Data scientists need to absorb the KISS principle: keep it simple, stupid.
That was the advice of panelists at this week’s Computing Big Data and IoT Summit 2017. Not that anyone would accuse data scientists of being stupid, of course. After all, they are generously rewarded precisely because of their brain power. The problem is, they know it, said Bob Tulloch, director European hospital products at the Decision Resources Group.
“It is very arrogant of data scientists to think that they are the ones who are going to produce the report that everyone wants, because they don’t. Let everybody get to the data they need through a very easy to use interface,” he said.
Tulloch’s words were echoed by Tom Dalglish, head of technical services, applied innovation at HSBC, who said some data scientists behave as if they are still doing a PhD.
“I read a report the other day and it was beautiful, with graphs and diagrams about why this particular machine learning model wouldn’t work, and everyone from the practical side said: ‘And now what? What do we do now?’ There was a conclusion but no recommendation about what we should try next.”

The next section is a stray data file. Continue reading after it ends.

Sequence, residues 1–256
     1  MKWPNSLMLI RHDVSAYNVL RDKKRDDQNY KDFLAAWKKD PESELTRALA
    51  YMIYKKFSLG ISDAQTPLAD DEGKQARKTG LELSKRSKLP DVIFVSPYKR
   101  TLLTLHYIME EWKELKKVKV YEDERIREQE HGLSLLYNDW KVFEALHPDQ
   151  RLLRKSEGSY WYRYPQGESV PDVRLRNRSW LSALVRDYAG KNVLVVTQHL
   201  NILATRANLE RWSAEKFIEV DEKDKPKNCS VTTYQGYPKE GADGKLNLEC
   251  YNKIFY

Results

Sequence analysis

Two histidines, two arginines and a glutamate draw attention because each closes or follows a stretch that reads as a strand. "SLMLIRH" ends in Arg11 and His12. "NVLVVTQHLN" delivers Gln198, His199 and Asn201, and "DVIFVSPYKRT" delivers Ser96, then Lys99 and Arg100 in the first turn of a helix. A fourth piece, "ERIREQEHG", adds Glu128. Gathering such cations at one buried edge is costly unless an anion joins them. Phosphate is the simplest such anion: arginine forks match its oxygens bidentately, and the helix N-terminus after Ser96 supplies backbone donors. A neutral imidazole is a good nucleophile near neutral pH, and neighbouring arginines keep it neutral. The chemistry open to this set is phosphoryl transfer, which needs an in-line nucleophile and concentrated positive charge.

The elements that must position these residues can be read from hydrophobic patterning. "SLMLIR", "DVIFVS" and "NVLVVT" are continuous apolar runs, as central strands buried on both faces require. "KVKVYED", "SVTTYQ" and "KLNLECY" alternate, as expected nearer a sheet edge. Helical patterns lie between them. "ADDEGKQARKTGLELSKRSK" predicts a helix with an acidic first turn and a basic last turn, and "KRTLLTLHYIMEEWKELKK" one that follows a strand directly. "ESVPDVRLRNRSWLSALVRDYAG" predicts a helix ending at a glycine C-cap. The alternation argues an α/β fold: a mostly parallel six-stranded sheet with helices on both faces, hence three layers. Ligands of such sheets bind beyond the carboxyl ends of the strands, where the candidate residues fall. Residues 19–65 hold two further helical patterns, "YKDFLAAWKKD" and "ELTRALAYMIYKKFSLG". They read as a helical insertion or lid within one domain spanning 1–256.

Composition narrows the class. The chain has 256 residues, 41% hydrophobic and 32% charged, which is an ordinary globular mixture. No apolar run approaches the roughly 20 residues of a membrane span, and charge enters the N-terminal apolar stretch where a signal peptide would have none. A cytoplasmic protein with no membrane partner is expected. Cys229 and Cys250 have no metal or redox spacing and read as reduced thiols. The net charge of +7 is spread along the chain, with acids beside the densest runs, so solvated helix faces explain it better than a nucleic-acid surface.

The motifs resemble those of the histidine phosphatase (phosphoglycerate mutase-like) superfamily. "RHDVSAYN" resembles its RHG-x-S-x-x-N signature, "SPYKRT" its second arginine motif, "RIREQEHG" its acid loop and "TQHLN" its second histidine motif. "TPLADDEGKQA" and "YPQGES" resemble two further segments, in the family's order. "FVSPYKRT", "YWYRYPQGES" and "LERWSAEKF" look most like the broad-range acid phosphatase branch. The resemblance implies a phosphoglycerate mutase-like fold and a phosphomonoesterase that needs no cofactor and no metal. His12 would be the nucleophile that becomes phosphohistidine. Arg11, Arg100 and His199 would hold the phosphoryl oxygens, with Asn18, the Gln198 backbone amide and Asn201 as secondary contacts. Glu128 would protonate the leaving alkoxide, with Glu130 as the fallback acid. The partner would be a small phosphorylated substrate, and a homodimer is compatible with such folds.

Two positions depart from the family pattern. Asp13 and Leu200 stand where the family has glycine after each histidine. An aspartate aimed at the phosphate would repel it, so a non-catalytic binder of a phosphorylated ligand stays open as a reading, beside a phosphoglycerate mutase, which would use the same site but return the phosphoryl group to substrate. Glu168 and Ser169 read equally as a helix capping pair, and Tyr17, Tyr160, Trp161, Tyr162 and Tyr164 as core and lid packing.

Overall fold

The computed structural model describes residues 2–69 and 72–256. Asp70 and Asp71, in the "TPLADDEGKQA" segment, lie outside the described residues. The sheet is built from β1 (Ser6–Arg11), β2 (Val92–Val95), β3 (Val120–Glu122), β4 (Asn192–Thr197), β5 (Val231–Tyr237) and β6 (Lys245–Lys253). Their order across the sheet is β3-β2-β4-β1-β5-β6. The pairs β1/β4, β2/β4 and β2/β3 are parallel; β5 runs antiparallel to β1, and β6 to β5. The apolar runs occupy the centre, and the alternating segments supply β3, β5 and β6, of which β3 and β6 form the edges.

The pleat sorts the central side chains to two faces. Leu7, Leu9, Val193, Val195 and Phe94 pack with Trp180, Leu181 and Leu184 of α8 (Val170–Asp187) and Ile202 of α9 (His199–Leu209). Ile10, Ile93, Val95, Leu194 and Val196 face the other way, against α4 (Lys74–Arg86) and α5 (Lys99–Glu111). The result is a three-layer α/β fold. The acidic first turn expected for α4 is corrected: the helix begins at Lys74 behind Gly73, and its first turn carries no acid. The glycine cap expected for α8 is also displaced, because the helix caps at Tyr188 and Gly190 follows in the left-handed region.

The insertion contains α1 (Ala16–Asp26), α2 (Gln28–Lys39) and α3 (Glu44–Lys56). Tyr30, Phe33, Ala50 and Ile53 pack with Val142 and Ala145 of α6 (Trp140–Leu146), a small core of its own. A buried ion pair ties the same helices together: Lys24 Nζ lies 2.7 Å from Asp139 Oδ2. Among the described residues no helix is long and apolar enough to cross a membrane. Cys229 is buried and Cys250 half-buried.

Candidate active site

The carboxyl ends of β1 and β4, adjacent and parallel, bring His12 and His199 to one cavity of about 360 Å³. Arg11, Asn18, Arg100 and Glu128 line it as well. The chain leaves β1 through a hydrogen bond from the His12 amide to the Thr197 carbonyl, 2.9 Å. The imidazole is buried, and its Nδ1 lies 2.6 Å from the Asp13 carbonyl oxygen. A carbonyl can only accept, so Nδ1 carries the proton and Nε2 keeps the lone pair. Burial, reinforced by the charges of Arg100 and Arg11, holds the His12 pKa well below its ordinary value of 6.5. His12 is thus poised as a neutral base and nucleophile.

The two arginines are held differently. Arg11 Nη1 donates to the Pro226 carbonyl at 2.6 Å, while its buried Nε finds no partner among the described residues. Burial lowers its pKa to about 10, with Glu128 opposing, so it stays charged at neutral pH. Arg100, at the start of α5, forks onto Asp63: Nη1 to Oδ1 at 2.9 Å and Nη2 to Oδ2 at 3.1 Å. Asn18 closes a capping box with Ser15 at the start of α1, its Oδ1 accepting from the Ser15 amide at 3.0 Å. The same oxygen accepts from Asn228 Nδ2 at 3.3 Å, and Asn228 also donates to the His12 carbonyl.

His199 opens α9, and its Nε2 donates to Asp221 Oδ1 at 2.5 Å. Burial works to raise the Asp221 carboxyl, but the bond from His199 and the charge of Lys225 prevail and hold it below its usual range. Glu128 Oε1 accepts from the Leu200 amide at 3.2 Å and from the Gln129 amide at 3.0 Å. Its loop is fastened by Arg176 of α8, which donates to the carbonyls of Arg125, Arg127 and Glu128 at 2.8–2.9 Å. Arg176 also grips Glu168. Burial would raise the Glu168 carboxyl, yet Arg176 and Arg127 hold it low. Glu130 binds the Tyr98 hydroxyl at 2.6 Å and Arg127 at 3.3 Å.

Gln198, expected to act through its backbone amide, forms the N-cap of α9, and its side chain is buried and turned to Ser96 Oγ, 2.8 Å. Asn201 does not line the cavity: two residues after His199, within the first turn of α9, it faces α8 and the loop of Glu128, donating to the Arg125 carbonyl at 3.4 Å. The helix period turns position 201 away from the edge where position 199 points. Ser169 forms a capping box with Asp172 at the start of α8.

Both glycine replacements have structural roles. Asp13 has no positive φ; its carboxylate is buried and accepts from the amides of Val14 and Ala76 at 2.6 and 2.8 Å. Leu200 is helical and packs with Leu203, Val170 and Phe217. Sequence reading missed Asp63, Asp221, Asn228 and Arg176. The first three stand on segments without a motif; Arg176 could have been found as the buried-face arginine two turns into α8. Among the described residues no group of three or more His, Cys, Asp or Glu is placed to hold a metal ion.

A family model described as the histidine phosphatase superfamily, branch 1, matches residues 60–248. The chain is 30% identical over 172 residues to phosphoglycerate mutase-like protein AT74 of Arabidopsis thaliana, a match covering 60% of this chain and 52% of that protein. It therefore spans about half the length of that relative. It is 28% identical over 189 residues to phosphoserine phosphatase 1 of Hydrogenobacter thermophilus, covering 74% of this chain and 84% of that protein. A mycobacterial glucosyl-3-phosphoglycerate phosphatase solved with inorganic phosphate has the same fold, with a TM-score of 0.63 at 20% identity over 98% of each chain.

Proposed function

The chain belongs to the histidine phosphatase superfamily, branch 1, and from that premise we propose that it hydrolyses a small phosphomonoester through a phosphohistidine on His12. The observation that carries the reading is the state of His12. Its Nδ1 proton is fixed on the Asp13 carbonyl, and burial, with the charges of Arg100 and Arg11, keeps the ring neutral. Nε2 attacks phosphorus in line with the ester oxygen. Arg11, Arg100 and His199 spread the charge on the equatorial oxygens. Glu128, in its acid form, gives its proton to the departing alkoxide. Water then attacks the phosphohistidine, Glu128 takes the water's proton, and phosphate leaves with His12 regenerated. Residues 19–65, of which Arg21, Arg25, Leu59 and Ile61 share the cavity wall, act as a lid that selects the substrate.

“You’ve got to keep it simple,” urged Tristran Isles, solution development manager at Honda. “Part of your job is to find things out and break it down into language other people can understand, and sell your findings. If you can’t do that, you need to work on those skills.”
Kaspar Gerling, data scientist at TransferWise urged his counterparts to focus on things that will gain business attention. “Show the profits or the losses,” he said. “That’s what the business wants to see”.
There is an obvious dilemma here. Most data scientists relish the challenge of unearthing ‘unknown unknowns’, which are likely to be in pretty niche areas, whereas those discoveries of most interest to the business are likely to be more prosaic.
Experimentation is all well and good, but it must be disciplined, said Dalglish.
“Deliver, deliver, deliver. Keep it simple, experiment, produce results, then move on.”
Gerling said there was a need for data scientists “who are more like data engineers and less like analysts”, those able to put the pieces together in a production environment, while Isles suggested data scientists need to get their hands dirty by acquainting themselves with real business problems “at the sharp end.”
Meanwhile, both Tulloch and Isles emphasised the need to develop self-explanatory front ends to foster a self-service model for information sharing of.
“If you’re a data scientist try to make yourself redundant. Try to democratise the data so anyone can use it, Tulloch said. “Stop being the guy in the white coat.”
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